Special meeting called to discuss CPD, sheriff's department cons - wistv.com - Columbia, South Carolina |

Special meeting called to discuss CPD, sheriff's department consolidation

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COLUMBIA, SC (WIS) -

Columbia City Council plans to discuss a possible consolidation of the Columbia Police Department with the Richland County Sheriff's Department in a special Wednesday meeting at 5:30 p.m.

Councilman Cameron Runyan said Monday morning he'd like to see Richland County Sheriff Leon Lott run a unified police service, which would fold the Columbia Police Department into the sheriff's department.

Runyan believes the city's police department will be more effective if Lott, whom he classified as the "pioneer of one of the very best agencies in our state," was in charge.

A consolidation of the two departments would create the largest law enforcement agency in the state with more than 1,000 officers, according to the councilman.

Runyan said under a consolidation, city officers would have access to more vehicles, aircraft and a state-of-the-art crime lab.

The councilman said Lott is supportive of the proposal. "He, like I, believes it's good government."

The idea, which was discussed in detail by city council four years ago, is being rejuvenated just days before city manager Teresa Wilson is expected to announce her choice to become the new police chief.

Council ultimately rejected the proposal in 2010. "It's a mistake we should not repeat again," said Runyan.

Runyan will ask Wilson to put the police chief search on hold until the consolidation can be discussed.

"I can tell you that there's more than one person that believes she should put the pause button on the police chief search," said Runyan.

"This is not re-inventing the wheel," said Runyan who noted several cities including Charlotte, Jacksonville, FL and Salt Lake City, UT have similar operational plans.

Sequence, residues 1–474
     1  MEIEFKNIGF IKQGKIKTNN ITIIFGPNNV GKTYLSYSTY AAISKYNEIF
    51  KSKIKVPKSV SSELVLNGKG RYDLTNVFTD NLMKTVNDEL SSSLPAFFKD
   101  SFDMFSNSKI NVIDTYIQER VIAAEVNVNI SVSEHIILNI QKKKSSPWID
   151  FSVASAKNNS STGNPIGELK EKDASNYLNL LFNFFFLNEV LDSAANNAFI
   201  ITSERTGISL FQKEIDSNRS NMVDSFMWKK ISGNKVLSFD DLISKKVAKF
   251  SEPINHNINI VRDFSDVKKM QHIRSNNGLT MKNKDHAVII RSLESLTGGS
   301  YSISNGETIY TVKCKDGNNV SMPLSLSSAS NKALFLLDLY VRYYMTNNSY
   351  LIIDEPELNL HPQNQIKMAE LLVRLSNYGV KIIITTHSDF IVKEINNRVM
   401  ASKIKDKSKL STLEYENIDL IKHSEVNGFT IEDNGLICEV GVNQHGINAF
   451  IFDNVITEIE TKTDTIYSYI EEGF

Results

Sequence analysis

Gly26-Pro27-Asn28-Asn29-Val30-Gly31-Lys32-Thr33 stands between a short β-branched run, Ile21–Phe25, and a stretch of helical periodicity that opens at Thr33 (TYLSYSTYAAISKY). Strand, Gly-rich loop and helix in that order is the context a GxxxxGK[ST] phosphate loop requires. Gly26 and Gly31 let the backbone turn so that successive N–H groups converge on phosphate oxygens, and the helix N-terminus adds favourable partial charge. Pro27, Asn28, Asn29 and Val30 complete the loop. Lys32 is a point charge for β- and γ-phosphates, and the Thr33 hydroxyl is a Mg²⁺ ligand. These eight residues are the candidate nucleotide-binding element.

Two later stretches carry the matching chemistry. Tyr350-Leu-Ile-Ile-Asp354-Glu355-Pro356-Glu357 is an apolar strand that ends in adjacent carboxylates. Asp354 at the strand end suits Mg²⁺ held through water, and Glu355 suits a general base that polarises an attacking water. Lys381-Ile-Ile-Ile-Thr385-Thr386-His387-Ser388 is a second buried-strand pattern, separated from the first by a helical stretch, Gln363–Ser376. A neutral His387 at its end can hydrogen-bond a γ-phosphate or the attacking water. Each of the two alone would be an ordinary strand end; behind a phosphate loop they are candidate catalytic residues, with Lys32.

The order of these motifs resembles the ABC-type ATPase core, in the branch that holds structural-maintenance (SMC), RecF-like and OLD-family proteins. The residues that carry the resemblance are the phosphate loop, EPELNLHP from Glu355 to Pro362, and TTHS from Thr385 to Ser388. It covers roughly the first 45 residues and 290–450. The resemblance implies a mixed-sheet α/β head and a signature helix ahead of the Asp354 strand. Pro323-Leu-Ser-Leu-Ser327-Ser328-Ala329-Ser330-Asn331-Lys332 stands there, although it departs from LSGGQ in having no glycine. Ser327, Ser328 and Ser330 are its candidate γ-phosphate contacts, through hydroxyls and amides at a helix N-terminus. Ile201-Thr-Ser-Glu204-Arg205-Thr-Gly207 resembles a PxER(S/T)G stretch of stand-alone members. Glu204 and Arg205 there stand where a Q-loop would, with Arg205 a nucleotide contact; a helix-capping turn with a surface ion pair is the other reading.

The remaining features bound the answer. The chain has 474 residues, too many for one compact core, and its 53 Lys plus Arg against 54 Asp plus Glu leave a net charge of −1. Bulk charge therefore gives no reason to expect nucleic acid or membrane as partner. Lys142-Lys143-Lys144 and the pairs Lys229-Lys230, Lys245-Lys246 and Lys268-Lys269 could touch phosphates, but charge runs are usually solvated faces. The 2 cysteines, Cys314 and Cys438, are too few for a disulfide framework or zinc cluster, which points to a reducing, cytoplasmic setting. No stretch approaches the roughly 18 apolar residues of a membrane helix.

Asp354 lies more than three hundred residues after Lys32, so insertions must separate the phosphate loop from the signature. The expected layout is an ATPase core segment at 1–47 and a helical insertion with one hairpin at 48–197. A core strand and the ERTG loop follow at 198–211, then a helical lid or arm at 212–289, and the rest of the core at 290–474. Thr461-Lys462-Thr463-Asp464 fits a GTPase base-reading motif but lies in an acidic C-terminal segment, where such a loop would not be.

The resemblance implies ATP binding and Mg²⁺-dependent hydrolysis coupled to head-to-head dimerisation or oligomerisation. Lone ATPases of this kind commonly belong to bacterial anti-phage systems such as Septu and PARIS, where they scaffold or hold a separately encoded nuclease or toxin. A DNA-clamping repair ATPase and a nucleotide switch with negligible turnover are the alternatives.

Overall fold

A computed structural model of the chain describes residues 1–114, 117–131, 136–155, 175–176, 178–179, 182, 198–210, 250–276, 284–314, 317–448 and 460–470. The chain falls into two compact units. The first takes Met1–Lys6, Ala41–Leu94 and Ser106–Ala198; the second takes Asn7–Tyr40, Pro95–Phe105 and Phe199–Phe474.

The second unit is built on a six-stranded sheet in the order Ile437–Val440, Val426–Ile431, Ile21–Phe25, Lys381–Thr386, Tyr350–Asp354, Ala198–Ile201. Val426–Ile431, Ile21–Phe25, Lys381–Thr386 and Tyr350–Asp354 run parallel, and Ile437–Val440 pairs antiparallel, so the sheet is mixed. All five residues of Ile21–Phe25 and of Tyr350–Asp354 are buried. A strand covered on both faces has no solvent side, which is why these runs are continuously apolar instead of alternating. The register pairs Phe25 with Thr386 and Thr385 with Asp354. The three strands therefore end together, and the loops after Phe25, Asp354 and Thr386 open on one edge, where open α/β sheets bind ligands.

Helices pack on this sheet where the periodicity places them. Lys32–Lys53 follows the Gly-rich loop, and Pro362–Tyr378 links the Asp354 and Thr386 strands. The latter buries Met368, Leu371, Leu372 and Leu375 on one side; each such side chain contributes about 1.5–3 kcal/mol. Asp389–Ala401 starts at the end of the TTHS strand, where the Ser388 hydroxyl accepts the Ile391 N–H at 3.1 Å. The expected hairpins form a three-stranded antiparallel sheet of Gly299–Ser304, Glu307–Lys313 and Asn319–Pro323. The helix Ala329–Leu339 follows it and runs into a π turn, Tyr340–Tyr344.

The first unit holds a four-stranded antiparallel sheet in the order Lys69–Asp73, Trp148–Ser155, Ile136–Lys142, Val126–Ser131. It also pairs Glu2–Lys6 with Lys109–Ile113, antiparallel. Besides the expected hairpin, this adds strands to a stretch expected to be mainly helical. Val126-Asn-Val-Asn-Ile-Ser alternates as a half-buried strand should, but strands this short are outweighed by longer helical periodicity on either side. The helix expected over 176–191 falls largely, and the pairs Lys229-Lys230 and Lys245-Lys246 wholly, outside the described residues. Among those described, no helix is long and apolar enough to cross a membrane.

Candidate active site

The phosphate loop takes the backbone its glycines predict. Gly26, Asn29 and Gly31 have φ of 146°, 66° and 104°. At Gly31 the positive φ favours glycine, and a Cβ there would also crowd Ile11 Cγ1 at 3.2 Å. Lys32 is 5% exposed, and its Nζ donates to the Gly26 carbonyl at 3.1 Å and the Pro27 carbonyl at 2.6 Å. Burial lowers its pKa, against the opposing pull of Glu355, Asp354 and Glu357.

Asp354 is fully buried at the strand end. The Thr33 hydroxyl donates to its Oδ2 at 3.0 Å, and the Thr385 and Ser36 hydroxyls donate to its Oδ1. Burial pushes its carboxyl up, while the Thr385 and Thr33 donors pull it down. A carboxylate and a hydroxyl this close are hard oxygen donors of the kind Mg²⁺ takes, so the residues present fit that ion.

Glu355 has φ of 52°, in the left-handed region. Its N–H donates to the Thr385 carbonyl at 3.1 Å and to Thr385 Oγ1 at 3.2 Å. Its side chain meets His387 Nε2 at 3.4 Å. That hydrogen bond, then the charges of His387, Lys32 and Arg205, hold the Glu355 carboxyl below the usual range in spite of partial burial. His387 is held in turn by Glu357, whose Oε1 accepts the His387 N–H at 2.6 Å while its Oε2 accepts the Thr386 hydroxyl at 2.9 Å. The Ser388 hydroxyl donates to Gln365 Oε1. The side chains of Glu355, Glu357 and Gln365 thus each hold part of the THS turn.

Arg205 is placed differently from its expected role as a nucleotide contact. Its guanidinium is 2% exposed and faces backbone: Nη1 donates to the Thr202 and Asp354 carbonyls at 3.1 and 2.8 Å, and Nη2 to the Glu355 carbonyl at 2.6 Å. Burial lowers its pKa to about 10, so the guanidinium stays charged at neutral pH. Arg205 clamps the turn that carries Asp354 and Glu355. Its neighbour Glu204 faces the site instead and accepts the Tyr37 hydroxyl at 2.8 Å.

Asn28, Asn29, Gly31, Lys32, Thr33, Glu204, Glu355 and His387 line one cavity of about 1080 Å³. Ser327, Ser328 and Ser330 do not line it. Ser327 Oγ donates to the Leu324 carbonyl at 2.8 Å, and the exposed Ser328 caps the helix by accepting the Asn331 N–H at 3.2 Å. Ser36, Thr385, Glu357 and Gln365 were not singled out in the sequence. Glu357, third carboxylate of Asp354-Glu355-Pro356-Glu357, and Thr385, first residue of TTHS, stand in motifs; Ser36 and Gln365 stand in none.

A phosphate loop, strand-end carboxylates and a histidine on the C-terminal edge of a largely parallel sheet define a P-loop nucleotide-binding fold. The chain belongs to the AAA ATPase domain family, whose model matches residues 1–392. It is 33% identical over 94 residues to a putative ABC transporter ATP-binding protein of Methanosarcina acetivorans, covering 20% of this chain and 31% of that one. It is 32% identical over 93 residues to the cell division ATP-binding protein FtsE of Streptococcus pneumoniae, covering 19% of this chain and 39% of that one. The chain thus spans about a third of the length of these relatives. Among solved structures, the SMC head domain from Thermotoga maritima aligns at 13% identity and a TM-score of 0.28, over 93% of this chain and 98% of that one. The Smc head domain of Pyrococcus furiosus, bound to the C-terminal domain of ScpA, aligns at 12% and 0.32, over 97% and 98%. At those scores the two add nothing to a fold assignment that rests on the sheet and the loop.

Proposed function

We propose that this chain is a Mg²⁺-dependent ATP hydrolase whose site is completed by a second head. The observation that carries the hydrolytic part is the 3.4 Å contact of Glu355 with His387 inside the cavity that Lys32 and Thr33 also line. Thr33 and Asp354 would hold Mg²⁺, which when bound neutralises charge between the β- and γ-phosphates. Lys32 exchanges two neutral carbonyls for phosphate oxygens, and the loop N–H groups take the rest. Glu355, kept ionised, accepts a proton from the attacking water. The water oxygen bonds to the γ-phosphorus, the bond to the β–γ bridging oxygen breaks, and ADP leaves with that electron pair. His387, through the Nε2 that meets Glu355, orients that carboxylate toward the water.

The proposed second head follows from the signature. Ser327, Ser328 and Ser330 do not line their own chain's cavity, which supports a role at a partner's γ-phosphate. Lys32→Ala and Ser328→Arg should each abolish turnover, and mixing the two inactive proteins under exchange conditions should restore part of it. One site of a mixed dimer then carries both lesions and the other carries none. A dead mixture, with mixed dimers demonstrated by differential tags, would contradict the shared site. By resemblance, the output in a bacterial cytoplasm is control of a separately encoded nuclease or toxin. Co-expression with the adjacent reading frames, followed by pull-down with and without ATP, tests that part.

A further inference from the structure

Runyan said because Lott is an elected official he would be directly accountable to the people of the city. "I would not support him being accountable to an un-elected bureaucrat," said Runyan. "The sheriff would have the authority to hire and fire at will."

The proposal, according to Runyan, has already been discussed among some council members. However, at least one council member doesn't agree with Runyan's timing.

"For the last five months the City Manager Teresa Wilson has conducted an inclusive, yet exhaustive search for a new police chief," said Tameika Isaac Devine. "Numerous candidates have been interviewed and the search is now in its final stages.  I along with several of my colleagues in City Council are confident in the city manager's police chief candidate selection process. "

"If Mr. [Runyan] was truly serious about this proposal he could have put this proposal forward months ago," said Devine. "I am not sure if this is just a case of bad timing in the 11th hour of the search or Mr. [Runyan] has employed the tactic of 'bait and switch' denying the residents of Columbia a say in how public services are delivered, undermining the democratic process, and creating a hostile work environment for the incoming police chief."

"I encourage Council member [Runyan] to allow the city manager to complete her search and choose the best candidate to lead the great men and women of our police force," concluded Devine.

Runyan said the proposal would be brought up for discussion at next Tuesday's council meeting.

If approved, Runyan said he believes a deal would be in place by July 1, the beginning of the city's fiscal year.

Randy Scott resigned from the post in April 2013, citing a battle with post-traumatic stress disorder. Ruben Santiago took over the position on an interim basis, but was not named as one of the five finalists.

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